Fashion expresses an era’s Zeitgeist in a very personal and universal language. While this exhibit could have been entitled 100 years of Vogue, iconic images keep the imagination contextualizing the culture of the times, weaving together influences from advertising, art, music, literature and science.
Women were emancipated from their corsets and yards of hair in the 1920’s with the advent of flappers, who listened to jazz and broke as many feminine stereotypes as they could. Natural, almost boyish body types vied with more bodacious curvy styles over the next decades. Androgyny and gender fluidity are on the rise in the 21st Century, but have always been an important element of culture and style in every era. Psychology suggests there are both masculine and feminine elements in each of us. Sometimes they blend.
I was struck by repeating stylistic themes over 20, 30 and 40 year periods, as well as our evolving gender freedom of expression. Akwafina’s portrait was the last image in the show. Today’s It girl, she uses a sliding scale of feminine to masculine traits, depending on her character and audience. Transgender creatives are becoming increasingly influential in mainstream culture, prioritizing and refining what it means to be human. It’s really about time.
A seasonal cornucopia of Austintatious delights
click images to open gallery
Akwasi Evans was an East Austin activist, publisher, warrior of the beloved community and an original voice for KAZI’s Breakfast Club. He launched a community newspaper, NOKOA, in 1987 to shine a light on progressive political action in Central Texas. Known for speaking truth to power, he advocated for people of color in the rapidly gentrifying neighborhoods of East Austin. I attended his tribute yesterday and found a heartwarming vestige of Austin’s Beloved Community at Kenny Dorham’s Back Yard, a venue for DiverseArts productions. While the condos are creeping, music is flowing and food trucks are circling this small fortress of cool on East 11th.
For those of us who remember Austin in the 70’s, 80’s, 90’s and 2000’s, seeing an alley or a field that hasn’t been destroyed or a venue that has stood the test of time brings a rush of nostalgia. Yearning for the freedom of youth, good old days of cheap rents and eats is a way of life. Those were the daze my friends, we thought they’d never end. Glad to see a little left.
Very nice to be welcomed back to the Wildflower Center by this chill cottontail, who also said goodbye when I left.
June in Texas brings waves of yellow and purple wildflowers, a followup to the blues and reds of April and May. Pink is always in season.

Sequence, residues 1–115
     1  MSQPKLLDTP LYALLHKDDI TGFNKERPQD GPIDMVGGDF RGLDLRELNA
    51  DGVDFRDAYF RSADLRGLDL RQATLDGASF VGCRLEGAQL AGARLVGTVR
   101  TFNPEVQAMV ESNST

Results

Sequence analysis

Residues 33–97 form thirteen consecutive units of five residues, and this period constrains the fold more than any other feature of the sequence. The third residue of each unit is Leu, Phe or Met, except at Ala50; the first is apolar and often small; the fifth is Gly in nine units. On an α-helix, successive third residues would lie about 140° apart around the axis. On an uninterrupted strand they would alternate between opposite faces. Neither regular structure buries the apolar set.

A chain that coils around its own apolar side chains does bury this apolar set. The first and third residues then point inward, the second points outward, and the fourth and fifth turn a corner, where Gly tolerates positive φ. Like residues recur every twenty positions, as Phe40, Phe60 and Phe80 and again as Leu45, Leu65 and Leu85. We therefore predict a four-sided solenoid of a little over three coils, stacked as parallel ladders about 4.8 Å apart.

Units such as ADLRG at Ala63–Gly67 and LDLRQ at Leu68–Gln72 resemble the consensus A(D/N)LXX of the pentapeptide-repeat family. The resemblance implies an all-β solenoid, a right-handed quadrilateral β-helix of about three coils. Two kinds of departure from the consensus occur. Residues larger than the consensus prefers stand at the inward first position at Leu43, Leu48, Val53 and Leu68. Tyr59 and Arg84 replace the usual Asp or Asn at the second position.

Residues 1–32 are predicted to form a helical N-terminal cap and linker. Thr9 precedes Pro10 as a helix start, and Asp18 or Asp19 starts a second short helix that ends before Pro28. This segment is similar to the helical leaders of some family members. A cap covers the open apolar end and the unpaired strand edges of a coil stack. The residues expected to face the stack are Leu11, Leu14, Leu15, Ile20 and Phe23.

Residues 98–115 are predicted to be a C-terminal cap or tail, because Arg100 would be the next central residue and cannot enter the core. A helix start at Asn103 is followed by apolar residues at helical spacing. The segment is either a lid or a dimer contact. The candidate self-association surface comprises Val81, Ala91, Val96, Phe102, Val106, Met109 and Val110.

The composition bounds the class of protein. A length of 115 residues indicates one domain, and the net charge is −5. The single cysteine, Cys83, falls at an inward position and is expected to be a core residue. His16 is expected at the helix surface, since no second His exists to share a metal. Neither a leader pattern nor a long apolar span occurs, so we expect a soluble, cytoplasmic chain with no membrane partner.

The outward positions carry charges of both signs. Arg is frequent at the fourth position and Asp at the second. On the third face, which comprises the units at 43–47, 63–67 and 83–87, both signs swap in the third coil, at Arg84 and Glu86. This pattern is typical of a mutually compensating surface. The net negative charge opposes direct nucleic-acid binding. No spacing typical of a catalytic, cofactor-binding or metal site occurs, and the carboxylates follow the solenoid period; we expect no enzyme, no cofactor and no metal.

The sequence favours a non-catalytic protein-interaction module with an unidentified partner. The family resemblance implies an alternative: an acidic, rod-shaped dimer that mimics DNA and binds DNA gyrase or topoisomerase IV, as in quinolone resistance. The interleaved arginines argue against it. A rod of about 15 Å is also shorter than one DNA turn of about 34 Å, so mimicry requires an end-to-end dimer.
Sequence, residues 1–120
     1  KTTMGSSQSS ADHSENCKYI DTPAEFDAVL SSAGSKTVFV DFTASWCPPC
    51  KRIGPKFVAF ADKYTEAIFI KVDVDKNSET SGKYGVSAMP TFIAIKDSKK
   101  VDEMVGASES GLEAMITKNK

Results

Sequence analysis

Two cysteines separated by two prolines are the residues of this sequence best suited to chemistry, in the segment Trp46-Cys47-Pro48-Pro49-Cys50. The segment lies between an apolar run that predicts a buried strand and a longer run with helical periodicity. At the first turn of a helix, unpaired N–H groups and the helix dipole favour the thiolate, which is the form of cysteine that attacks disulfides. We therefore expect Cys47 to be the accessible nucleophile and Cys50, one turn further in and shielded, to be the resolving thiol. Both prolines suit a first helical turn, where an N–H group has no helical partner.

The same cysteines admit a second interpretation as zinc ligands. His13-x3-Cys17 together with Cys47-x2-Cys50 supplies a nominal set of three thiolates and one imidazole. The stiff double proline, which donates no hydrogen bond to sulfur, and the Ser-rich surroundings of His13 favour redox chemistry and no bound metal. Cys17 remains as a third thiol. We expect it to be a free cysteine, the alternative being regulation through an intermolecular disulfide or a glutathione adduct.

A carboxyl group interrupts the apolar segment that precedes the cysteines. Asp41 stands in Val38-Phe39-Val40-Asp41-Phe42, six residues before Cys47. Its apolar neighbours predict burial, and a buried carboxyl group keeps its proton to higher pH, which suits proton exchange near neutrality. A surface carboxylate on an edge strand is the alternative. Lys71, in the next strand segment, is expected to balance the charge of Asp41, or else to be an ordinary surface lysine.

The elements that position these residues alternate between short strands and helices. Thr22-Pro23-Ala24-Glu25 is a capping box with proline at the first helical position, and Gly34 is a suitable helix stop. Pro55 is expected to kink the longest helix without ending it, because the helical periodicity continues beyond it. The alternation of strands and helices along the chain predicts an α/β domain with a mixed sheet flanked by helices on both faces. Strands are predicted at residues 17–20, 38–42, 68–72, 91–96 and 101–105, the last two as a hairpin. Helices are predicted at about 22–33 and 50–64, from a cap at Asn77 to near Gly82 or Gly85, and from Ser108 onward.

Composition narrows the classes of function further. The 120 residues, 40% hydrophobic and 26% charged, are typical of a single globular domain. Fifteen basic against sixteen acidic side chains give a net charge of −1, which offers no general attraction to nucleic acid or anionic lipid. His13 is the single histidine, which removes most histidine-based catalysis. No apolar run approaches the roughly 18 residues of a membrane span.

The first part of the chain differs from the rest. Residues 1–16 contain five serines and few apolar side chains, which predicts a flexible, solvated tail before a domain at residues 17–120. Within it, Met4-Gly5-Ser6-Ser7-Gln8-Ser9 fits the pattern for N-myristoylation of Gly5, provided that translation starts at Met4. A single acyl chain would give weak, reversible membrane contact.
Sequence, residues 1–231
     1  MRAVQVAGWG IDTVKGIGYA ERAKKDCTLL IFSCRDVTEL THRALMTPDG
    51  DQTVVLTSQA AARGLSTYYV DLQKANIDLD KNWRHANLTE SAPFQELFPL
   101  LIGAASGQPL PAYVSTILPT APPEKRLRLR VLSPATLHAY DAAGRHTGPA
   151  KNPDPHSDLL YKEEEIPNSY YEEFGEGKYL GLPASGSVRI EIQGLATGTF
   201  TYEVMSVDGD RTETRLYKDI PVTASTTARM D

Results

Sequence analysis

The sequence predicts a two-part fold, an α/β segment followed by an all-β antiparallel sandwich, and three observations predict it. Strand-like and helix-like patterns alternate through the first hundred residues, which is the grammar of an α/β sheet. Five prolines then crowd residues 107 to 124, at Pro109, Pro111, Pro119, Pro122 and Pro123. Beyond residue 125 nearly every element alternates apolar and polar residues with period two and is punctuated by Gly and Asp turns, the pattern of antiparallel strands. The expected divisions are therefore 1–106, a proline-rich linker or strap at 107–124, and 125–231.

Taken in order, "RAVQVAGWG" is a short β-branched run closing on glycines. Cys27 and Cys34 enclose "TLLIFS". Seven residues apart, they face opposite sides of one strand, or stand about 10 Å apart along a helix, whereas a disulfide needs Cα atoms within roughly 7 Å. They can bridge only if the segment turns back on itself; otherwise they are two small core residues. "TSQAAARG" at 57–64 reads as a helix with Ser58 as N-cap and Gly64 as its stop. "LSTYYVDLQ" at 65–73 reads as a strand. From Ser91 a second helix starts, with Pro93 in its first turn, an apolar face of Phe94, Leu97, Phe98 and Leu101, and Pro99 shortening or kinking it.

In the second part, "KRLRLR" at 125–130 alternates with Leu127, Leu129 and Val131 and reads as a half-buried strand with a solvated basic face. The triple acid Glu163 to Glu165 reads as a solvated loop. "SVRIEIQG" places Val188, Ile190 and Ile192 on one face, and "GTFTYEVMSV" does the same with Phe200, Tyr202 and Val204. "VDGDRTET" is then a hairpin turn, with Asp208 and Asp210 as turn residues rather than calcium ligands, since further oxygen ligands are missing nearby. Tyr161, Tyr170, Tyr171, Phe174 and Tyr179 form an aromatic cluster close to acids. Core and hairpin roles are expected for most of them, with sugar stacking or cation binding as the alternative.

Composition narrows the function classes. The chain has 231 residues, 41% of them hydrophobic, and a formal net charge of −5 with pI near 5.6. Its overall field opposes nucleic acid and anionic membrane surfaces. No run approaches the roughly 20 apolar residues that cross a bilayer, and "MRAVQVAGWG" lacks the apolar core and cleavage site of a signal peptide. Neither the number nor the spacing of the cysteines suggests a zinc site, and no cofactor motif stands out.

Sauntering integrates resonance, rhythm and rejuvenation – a walking meditation connecting us to our environment. As Lady Bird Johnson said, “My heart found its home long ago in the beauty, mystery, order and disorder of the flowering earth.”
When we flow in rhythm with the trail, awakening our senses to the life around us, we are rejuvenating. In gratitude, we share healing energy with the earth. Spring flowers become dewberries in the fall, reflecting the organic process of unfolding and ripening that also applies to projects and resolving problems.
This wild onion springs forth from a hole in the rock – undaunted, zesty, pink, flourishing – resilient.
I felt resilient, resonating with the color and fragrance of so many, gorgeous wildflowers.
These tough cacti pushing bright green shoots from their dry, winter skin speak to the power of regeneration. Resonating with the vibrant energy of Spring brings joy in the transformation of browns and grays into rainbows of red, green, blue, pink, white, yellow, purple and orange flowers.
As temperatures rise, our dormant friends come out to play. Athena the owl returns to her nest at the Wildflower Center to raise her owlets. To everything, there is a season.
Grateful for this beautiful, sunny day after the vernal equinox. From blooming Huisache trees, turtles and egrets to baby blue-eyes and columbine flowers, the hike and bike trail remains the heart and soul of Austin for me.
click to open gallery
The orchid pavilion at the Daniel Stowe Botanical Garden in Belmont, North Carolina displayed so much resonance and rhythm in the beautiful colors and floral patterns I forgot it was a cold and cloudy day. Spring will bring even more color and fragrance to the gardens, perfect for a mindful saunter.